Cochrane for Clinicians

Putting Evidence into Practice

Topical Antihistamines and Mast Cell Stabilizers for Treating Allergic Conjunctivitis

 


FREE PREVIEW. AAFP members and paid subscribers: Log in to get free access. All others: Purchase online access.


FREE PREVIEW. Purchase online access to read the full version of this article.

Am Fam Physician. 2016 Jun 1;93(11):915-916.

Clinical Question

Are topical antihistamines and mast cell stabilizers, used alone or in combination, effective and safe in treating patients with seasonal and perennial allergic conjunctivitis?

Evidence-Based Answer

Topical antihistamines and mast cell stabilizers, either alone or in combination, are safe and effective for reducing the symptoms of seasonal and perennial allergic conjunctivitis. (Strength of Recommendation: A, based on consistent, good-quality patient-oriented evidence.) There is insufficient evidence to compare the effectiveness of specific topical medications. No serious adverse effects are associated with these medications.

Practice Pointers

Patients with seasonal allergic conjunctivitis and perennial allergic conjunctivitis often report itching, tearing, swollen eyelids, and redness mediated by the release of histamine from mast cells, resulting in conjunctival inflammation.1,2 Itching is the most common symptom, occurring in more than 75% of patients. The authors of this Cochrane review evaluated the effectiveness of topical mast cell stabilizers and antihistamines for this common condition.

This review included 30 randomized controlled trials with 4,344 participants four to 85 years of age who had seasonal or perennial allergic conjunctivitis. Studies of patients with vernal keratoconjunctivitis, atopic keratoconjunctivitis, or giant papillary conjunctivitis were excluded, as were studies that analyzed oral or nasal antihistamines. Within the 30 trials, 17 different drug or treatment comparisons were conducted in North and South America, Asia, Europe, Africa, and Australia; the duration of the studies ranged from one to eight weeks. The primary outcomes were participant reports of photophobia and ocular itching, irritation, and watering. Secondary outcomes included adverse effects; the duration of acute symptoms; the incidence of acute episodes per year; and signs of hyperemia, chemosis, or tarsal papillae on examination. The risk of bias was judged to be low.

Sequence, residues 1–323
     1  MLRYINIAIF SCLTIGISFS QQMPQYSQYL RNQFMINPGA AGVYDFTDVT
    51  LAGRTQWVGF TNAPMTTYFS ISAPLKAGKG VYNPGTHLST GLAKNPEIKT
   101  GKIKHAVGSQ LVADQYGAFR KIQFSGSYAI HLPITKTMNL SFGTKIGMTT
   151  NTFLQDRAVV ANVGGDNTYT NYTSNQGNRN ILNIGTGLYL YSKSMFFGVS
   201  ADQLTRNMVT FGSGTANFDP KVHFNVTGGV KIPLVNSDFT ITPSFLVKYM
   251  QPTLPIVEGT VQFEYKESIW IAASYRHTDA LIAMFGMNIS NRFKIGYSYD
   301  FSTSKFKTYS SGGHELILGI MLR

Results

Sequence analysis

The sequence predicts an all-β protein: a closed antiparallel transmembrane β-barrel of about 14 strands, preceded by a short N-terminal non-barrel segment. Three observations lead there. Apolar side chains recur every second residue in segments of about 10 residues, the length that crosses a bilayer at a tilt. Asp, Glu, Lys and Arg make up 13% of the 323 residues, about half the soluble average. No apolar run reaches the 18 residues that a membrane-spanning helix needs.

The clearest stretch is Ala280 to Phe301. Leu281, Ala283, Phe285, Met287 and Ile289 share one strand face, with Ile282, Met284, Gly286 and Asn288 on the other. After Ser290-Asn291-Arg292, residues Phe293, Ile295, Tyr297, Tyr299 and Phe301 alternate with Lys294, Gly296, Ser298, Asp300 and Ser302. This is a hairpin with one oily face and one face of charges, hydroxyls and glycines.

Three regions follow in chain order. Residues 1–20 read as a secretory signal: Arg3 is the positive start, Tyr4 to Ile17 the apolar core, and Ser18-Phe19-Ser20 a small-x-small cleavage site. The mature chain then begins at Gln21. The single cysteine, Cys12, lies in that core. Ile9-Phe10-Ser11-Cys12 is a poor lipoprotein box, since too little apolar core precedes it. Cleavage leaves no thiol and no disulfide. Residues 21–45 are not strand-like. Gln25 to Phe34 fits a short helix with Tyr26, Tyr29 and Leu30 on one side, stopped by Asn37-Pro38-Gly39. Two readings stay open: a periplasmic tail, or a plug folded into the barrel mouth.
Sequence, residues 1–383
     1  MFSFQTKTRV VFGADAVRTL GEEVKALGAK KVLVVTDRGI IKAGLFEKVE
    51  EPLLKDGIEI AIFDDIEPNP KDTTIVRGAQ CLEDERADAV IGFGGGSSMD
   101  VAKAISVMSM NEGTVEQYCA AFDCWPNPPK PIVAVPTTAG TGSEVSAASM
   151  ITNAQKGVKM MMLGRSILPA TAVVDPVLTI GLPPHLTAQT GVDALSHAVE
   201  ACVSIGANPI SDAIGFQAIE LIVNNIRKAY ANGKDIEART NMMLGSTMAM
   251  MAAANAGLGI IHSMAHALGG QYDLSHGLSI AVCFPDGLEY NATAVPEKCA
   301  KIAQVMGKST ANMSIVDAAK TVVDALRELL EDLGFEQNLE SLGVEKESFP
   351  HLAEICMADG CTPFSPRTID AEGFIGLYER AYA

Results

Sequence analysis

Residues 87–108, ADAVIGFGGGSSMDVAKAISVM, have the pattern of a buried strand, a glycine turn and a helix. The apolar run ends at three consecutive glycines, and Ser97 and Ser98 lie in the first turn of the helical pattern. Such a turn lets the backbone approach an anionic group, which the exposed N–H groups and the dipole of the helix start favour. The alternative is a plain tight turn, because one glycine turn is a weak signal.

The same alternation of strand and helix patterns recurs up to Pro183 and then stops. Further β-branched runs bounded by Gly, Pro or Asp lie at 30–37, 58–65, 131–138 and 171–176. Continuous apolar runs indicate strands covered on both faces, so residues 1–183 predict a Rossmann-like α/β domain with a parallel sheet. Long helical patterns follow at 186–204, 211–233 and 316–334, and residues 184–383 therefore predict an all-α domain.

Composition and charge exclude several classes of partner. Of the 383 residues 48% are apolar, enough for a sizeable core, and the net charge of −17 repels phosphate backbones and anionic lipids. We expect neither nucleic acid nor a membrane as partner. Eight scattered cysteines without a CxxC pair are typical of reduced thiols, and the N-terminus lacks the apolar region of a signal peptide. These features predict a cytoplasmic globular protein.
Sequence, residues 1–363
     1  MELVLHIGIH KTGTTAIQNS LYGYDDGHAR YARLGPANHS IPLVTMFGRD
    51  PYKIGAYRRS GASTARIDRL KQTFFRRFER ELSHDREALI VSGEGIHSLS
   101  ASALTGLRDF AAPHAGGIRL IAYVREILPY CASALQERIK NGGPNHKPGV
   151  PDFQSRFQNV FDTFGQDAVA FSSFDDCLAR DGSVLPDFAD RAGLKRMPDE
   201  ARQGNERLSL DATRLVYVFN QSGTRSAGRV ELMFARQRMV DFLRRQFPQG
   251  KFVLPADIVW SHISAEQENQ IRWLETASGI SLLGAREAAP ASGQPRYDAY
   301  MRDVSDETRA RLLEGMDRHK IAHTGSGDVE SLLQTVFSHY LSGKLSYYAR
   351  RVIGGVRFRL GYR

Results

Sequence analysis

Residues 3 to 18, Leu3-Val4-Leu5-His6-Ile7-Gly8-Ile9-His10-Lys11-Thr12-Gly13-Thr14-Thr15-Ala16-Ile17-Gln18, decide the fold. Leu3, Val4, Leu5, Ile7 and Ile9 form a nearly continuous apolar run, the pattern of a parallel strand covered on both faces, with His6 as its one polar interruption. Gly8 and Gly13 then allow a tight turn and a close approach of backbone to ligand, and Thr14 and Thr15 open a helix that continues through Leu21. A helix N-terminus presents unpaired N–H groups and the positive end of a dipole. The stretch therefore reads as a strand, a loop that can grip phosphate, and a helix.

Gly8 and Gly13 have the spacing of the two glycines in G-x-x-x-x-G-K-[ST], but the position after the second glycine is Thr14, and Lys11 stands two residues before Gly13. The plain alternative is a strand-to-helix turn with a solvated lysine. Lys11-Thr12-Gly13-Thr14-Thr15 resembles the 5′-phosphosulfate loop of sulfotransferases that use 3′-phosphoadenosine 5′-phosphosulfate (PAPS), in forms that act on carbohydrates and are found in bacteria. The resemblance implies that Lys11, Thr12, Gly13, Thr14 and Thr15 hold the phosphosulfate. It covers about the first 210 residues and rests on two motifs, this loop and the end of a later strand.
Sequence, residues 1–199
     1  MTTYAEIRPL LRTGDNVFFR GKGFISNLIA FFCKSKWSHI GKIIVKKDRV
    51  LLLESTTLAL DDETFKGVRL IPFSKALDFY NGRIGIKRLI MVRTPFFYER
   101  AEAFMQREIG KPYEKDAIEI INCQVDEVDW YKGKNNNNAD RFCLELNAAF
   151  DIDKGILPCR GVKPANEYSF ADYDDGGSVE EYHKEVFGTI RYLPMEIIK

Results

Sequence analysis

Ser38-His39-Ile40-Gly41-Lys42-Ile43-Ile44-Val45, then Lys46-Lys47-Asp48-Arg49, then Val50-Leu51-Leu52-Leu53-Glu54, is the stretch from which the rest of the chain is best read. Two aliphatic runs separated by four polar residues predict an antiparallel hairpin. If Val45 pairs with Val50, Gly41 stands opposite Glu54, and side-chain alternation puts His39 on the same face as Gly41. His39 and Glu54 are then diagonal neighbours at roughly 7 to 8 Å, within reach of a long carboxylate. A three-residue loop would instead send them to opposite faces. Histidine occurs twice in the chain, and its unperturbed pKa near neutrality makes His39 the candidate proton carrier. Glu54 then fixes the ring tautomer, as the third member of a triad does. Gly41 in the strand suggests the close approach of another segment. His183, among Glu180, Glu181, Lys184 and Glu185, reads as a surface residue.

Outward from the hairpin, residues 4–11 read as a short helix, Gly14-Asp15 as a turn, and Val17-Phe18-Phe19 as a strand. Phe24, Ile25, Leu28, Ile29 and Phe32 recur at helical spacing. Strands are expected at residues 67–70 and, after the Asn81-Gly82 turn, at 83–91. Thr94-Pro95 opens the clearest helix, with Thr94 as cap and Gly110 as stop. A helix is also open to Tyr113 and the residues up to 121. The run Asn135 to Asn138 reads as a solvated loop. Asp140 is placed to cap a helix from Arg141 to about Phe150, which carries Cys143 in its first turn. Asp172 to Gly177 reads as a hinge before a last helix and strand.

Overall, the results favor topical antihistamines and mast cell stabilizers, alone or in combination, vs. placebo for short-term relief of the symptoms of allergic conjunctivitis (Table 1). Eight studies comparing the mast cell stabilizers nedocromil (Alocril) or cromolyn sodium vs. placebo favored the mast cell stabilizers. Trials comparing the antihistamines azelastine (nine studies) and levocabastine (not available in the United States; five studies) vs. placebo all favored the antihistamines. Because of heterogeneity between studies, meta-analysis was possible only for four studies with 204 patients that compared the effect of olopatadine (Patanol) with ketotifen (Zaditor) on itching and tearing at 14 days. In this analysis, olopatadine was superior to ketotifen overall in reducing itching (mean difference = −0.32; 95% confidence interval, −0.59 to −0.06) but equivalent in reducing tearing. The evidence was insufficient to make any other drug comparisons. There were no serious adverse effects related to treatment with topical medications.